The most famous prohibitions in kashrut, the body of laws regarding what is kosher, may be against eating pig, and consuming meat and milk together.
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Like the other Jewish dietary laws, these restrictions have their origins in a few laconic lines in the Bible, in the books of Leviticus and Deuteronomy. But it is only in later Hebrew texts – in the Talmud and later rabbinical works – that the full range of laws are fully developed and delineated, and they range far from mere "meat" and "milk."
The word "kosher" comes from the Hebrew “kasher,” literally meaning “fit” – in this case, for consumption. Those foods that are not kosher, called tref or trefah, are ritually unclean or unfit according to Jewish law. (Tref is Yiddish for “unkosher,” from the Hebrew word terefah, meaning “torn,” referring to an animal found dead or injured in the field, but used today to describe any forbidden animal, including one that has died of natural causes.)
So what is kosher and Jewish food?
The laws of kashrut apply throughout the entire year and detail the raw foods that one is permitted to eat, the manner in which animals are to be slaughtered, and restrictions on how foods can be cooked or served. During the festival of Passover, additional restrictions apply.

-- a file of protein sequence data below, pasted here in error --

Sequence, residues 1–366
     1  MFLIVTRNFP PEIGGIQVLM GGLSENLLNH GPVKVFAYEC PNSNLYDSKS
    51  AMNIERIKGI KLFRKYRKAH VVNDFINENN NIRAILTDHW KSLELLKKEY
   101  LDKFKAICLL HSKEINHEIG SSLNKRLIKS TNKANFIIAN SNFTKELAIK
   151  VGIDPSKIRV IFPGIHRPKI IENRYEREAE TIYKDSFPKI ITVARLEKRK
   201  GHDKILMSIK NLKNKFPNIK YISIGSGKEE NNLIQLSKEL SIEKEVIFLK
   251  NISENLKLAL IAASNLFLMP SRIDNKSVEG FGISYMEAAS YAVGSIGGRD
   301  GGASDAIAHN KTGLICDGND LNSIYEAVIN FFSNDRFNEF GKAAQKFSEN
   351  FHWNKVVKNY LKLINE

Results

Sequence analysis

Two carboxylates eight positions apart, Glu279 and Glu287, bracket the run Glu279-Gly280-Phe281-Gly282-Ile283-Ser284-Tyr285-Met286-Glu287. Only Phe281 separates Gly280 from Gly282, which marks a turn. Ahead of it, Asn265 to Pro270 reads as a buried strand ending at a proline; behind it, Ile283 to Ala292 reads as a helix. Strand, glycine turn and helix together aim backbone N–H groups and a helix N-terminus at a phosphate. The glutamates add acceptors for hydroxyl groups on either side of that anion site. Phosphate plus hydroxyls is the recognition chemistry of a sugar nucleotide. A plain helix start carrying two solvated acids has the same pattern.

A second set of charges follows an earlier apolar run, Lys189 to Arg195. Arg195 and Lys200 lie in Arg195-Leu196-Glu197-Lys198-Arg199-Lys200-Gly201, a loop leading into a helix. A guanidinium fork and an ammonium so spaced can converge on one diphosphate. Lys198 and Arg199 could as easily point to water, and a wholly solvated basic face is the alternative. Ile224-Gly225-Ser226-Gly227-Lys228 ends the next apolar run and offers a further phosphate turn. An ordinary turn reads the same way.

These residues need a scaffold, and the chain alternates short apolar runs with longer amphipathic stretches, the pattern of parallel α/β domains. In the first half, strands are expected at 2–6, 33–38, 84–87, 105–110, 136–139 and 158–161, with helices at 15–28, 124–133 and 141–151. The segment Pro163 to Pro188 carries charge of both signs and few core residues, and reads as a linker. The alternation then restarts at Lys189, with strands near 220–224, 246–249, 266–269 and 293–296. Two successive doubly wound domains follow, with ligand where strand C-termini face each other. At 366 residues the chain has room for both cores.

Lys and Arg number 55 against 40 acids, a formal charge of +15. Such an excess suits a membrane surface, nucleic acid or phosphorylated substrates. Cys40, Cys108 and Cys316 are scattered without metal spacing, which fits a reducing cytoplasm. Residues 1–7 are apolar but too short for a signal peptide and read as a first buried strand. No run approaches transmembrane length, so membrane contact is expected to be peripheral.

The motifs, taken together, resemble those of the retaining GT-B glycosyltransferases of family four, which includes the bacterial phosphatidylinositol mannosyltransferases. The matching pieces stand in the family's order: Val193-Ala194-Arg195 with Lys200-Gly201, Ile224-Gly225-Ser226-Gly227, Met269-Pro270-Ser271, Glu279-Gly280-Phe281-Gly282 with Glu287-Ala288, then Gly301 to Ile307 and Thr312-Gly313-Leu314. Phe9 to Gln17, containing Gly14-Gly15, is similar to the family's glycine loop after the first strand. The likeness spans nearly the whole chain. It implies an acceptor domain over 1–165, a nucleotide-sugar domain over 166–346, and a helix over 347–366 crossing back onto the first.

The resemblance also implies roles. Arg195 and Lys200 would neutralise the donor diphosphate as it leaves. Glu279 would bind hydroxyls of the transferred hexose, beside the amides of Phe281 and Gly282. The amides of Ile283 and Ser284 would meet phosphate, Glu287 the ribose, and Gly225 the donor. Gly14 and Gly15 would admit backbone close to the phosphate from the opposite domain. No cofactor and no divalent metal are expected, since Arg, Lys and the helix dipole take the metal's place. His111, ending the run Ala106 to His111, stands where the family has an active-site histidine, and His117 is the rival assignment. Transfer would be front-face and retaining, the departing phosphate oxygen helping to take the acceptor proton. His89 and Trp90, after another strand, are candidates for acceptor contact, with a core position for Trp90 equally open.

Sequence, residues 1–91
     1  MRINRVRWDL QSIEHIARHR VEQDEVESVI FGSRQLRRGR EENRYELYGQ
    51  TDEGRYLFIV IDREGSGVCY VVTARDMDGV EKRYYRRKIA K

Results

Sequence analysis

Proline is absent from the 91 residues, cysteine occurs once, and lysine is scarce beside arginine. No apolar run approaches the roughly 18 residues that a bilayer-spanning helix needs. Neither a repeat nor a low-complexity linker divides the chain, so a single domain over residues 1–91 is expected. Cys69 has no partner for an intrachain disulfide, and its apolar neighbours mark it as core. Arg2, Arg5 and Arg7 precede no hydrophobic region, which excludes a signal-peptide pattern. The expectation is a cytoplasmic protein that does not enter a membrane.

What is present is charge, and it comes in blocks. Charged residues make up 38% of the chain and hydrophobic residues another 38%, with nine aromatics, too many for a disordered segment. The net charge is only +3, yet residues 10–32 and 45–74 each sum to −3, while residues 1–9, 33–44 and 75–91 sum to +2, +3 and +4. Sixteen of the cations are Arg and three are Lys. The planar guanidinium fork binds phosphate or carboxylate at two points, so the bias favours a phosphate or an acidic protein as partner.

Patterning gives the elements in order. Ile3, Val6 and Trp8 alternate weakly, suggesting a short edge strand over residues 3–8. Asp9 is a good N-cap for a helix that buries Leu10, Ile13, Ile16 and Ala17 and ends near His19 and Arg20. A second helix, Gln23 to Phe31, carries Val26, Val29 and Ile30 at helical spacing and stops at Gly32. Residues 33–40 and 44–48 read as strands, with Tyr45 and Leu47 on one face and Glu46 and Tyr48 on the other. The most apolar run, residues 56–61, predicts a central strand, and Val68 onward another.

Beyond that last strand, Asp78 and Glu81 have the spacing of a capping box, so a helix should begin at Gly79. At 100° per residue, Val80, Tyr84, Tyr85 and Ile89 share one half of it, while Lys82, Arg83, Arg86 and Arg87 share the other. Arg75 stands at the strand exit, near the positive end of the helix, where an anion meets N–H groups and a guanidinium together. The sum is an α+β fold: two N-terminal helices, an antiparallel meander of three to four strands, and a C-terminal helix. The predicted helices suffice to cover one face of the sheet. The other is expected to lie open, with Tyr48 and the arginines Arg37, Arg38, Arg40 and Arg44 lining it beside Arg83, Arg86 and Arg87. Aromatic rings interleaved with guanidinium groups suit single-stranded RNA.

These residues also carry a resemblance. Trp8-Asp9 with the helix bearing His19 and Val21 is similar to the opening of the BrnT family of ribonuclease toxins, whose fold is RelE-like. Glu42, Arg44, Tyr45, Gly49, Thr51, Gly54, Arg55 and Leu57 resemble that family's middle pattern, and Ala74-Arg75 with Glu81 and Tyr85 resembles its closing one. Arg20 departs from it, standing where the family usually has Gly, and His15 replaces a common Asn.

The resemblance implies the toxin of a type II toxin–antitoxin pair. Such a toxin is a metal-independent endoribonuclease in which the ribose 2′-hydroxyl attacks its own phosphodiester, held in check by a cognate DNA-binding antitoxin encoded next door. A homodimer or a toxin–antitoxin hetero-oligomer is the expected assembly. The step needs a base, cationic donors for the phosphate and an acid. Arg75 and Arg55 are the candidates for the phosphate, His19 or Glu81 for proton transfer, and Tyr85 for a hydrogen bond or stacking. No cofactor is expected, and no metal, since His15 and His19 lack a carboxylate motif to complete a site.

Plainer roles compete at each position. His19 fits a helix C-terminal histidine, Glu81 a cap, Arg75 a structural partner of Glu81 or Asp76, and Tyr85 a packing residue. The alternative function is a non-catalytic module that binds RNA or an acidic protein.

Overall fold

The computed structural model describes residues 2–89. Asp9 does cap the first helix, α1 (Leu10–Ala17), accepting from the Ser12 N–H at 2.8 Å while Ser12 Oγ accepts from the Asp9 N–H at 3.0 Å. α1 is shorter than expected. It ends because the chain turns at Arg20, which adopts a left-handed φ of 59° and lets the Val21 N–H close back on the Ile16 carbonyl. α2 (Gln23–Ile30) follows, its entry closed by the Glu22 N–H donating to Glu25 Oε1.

Leviticus 11:3-8 and Deuteronomy 14:3-21 outline the actual animals whose flesh is allowed for consumption, or is forbidden. All invertebrates, with the exception of certain types of locust – though not all rabbis are agreed on this – are forbidden. To be kosher, mammals must have split (cloven) hooves and be ruminants; that is, they must chew and then redigest their cuds.
The Torah (the Hebrew Bible’s first five books) specifically notes that the pig, camel, hyrax and rabbit are forbidden because they each lack one of these two requirements.
The milk of non-kosher animals is also forbidden. Marine animals must have scales on their exterior and fins, thus disqualifying all shellfish and some other creatures, such as catfish.
Contrary to popular conception, food does not need to receive a rabbinical blessing to be considered kosher. Similarly, it is not people who are kosher – it’s the food they eat.
All fruits and vegetables are permitted, but they must be clean of insects.
Living animals must be slaughtered according to the laws of kashrut. Thus even a potentially kosher animal not killed in accordance with regulations is rendered tref.
The method of slaughter, known as shehitah, uses a sharpened blade to cut the animal's throat. It is designed to cause the least amount of pain to the animal and some evidence has shown the animals lose consciousness within two seconds of being slaughtered.
In the contemporary context, meat is permitted only if the animal has been slaughtered with rabbinical supervision in a manner considered to be quick and relatively painless. Animal flesh must have the blood drained from it, and certain cuts of meat are forbidden in most circumstances.
Mixing meat and milk
The biblical line warning against “seeth[ing] a kid in its mother’s milk” (appearing first in Exodus 23:9) is the basis for the body of kashrut laws requiring separation of meat and milk.